Fetzer's success is only a starting point for Dolan. He believes that while "the corporation remains a great vehicle for generating wealth and spreading it around... the world has changed." Indeed, business may be "the one institution capable of steering humanity onto profitable pathways that don't lead to humanity's demise. To do so, we need to shift our awareness and act from a new premise: that the business of business is sustaining its long-term success."

    Dolan has identified the six distinguishing features and core beliefs that set a sustainable business apart from other companies.

    They are:

  • Your Business is Part of a Much Larger System. Operating according the interconnectedness of the world allows the goal of sustainable businesses to be "equitable treatment of people, preservation of the earth's natural vitality, and a solid economic return for business owners."

  • Your Company's Culture is Determined By the Context You Create For it. What gives people meaning in their jobs "is not just the money they earn from the work, but also the purpose of the work," which in turn creates a context for all business activity.

  • The Soul of a Business is Found in the Hearts of its People. A sustainable business must have integrity, a moral center, and "it must be connected to its values and the greater world."

  • True Power is Living What You Know. A corporation does not have integrity if it is "acting from some of its values, but against others." Removing this internal conflict "unleashes tremendous creative power" and "really expresses what they believe."

  • You Can't Predict the Future, but You Can Create It. Leaders of a sustainable organization have shifted "from a perspective of incremental change to a perspective of transformation." They work to "accelerate the arrival of a particular version of the future."

  • There Is a Way to make an Idea's Time Come. The sustainable business must take a stand on environmental and social issues. Dolan writes "when you commit yourself to something that doesn't currently exist, you create real change, not incremental change."

    The future is bright for sustainable businesses. Their leaders, having changed their thinking and perceptions will bring "about a change that people everywhere are ready for, a change that the Earth will embrace, because it will result in a sustainable world that works for everyone." Dolan writes that this "the inevitable outcome if business takes a clearer look at the larger system" and uses the success of such revolutionary, evolutionary companies as Fetzer Vineyards as a guide. He wonders: can wine save the world?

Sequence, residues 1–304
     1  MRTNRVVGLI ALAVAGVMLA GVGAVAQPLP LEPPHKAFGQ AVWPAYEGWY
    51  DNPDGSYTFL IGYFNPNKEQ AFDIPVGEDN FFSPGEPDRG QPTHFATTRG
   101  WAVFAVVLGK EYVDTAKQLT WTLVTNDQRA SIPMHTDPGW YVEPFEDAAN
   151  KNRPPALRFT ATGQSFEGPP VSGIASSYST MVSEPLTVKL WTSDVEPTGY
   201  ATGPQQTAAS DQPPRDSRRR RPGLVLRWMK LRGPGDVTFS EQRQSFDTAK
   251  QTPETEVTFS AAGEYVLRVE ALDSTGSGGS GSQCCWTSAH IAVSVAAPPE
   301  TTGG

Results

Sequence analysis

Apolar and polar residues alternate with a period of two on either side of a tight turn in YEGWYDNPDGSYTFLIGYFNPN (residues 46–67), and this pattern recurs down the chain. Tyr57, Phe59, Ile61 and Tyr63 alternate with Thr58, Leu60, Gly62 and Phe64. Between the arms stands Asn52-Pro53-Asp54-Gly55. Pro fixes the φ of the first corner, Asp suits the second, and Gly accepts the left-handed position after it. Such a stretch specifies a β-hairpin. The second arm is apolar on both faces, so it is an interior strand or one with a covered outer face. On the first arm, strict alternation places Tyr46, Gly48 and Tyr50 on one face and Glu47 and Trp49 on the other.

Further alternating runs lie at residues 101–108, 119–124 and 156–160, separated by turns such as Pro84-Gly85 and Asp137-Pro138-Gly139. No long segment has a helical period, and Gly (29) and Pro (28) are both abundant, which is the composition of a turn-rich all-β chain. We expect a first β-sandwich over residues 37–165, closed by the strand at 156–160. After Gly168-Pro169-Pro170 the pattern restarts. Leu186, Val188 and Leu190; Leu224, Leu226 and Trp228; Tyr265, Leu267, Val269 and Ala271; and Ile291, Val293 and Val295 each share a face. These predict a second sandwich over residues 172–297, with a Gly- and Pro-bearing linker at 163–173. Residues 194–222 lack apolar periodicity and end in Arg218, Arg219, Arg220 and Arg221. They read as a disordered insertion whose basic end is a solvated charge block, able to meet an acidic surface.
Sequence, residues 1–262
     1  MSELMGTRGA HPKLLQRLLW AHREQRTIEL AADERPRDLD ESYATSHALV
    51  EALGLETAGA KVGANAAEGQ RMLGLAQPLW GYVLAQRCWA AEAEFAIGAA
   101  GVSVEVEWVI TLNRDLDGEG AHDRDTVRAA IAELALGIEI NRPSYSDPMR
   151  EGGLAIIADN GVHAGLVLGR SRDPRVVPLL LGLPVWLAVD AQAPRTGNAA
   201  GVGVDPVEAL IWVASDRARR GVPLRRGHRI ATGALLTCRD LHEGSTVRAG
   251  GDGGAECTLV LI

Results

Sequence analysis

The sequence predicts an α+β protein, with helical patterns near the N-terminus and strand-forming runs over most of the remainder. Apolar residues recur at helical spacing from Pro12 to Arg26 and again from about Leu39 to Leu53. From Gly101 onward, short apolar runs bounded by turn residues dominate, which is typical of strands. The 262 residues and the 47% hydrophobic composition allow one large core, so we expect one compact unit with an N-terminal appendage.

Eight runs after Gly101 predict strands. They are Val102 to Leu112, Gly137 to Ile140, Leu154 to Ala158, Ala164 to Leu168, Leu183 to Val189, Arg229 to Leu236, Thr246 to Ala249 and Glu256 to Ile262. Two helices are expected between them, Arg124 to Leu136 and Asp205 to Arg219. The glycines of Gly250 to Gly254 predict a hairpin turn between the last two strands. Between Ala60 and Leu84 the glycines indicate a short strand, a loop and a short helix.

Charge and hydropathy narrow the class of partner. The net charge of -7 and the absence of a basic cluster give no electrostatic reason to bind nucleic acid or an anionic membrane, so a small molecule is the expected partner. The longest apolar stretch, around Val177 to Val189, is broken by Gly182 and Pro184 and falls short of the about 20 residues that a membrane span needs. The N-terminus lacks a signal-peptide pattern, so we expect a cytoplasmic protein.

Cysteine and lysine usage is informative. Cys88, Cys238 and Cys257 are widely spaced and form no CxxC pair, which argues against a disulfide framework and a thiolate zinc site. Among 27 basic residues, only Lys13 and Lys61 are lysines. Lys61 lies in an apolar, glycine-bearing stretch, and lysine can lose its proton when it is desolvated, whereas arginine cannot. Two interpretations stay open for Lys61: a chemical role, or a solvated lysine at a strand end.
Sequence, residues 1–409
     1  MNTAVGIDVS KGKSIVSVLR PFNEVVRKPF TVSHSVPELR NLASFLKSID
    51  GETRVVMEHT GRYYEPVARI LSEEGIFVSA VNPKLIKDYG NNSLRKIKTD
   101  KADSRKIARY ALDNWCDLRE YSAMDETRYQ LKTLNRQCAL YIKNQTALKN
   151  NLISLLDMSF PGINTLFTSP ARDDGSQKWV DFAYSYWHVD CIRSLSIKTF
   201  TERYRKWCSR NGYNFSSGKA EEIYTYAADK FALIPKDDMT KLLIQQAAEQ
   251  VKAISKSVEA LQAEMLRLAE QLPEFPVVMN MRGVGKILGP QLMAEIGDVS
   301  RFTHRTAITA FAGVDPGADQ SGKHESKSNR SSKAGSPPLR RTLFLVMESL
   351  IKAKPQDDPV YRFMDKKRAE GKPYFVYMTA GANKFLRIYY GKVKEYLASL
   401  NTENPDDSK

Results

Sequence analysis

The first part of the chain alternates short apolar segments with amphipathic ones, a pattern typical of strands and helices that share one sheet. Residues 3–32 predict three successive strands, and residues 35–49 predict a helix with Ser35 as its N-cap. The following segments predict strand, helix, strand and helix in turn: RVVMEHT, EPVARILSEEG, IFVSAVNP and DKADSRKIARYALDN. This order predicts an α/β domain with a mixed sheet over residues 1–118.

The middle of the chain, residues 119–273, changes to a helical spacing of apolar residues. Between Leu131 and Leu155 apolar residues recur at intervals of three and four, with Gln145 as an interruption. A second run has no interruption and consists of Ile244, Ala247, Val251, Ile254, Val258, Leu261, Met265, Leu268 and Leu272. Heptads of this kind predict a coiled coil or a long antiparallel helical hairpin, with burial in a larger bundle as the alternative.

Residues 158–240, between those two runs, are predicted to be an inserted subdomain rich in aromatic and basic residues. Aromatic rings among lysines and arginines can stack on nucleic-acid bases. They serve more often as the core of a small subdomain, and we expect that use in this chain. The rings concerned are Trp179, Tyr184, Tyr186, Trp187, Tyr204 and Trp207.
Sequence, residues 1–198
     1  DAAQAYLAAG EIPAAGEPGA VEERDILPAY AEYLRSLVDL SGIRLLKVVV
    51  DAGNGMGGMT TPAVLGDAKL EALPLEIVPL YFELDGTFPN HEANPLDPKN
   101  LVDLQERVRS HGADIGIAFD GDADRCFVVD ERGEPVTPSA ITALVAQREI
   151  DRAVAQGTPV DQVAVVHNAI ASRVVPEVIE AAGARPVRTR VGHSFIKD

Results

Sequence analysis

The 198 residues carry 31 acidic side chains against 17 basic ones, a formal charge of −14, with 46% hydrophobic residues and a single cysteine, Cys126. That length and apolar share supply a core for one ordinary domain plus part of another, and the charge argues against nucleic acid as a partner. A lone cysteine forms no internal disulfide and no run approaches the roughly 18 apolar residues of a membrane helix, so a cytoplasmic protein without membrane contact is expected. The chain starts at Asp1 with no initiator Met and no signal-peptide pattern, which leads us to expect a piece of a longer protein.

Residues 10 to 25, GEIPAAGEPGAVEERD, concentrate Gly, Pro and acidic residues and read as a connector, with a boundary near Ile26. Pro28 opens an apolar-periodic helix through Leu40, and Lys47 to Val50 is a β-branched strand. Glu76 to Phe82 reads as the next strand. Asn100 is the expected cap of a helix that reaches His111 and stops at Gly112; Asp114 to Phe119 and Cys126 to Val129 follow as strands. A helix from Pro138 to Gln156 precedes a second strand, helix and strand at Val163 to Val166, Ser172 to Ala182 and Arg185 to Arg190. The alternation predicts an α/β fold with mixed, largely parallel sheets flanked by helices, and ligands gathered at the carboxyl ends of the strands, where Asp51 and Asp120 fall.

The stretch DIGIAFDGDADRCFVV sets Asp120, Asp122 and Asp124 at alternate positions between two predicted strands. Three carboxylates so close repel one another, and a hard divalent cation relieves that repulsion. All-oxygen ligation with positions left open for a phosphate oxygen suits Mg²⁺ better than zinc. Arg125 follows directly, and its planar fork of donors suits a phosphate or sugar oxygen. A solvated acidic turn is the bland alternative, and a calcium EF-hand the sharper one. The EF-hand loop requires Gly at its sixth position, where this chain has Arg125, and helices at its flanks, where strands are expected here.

* * * * *

    A fourth-generation California winemaker, Paul Dolan has been the President of Fetzer Vineyards, one of the most successful wineries in the United States, since 1992. He built Fetzer into an industry-leading winery, developed popular Merlot and Chardonnay wine styles, and turned the company into a corporate exemplar of environmental, employee, industry, and shareholder commitment.

    To schedule interviews, speaking opportunities and appearances, contact:
    James Caudill
    (415) 444-7410 voice After Hours (707) 570-2098
    (707) 799-0144 mobile

  • Fetzer Vineyards logo

    Fetzer Vineyards

    Fetzer Vineyards

    A pioneer in regenerative winemaking, Fetzer Vineyards continues its legacy of hard work, rebellious thinking and crafting wines that make a difference. Since its founding in 1968, Fetzer Vineyards has consistently developed and implemented practices that are environmentally friendly, socially responsible and ultimately regenerative, becoming the world’s largest winery to receive B Corporation certification, in 2015. B Corp certification standards, developed by the non-profit B Lab, are widely recognized as the highest standards for social and environmental responsibility in business. Ultimately, Fetzer Vineyards strives for the perfect relationship between land, climate and vine to regenerate communities and bring wines of remarkable quality and character to the table.